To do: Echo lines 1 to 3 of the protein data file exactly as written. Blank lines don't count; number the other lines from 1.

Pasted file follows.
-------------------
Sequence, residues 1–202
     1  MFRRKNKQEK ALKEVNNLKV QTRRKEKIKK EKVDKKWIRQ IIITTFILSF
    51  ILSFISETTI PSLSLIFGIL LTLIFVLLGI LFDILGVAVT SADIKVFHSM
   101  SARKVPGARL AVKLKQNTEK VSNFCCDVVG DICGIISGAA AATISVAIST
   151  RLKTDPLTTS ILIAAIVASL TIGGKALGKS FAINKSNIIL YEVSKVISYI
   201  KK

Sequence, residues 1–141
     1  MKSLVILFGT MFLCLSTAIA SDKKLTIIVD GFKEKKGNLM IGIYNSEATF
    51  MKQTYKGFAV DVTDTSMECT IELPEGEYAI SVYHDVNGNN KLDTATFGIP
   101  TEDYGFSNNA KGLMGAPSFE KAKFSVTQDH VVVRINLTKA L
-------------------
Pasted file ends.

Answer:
Sequence, residues 1–202
     1  MFRRKNKQEK ALKEVNNLKV QTRRKEKIKK EKVDKKWIRQ IIITTFILSF
    51  ILSFISETTI PSLSLIFGIL LTLIFVLLGI LFDILGVAVT SADIKVFHSM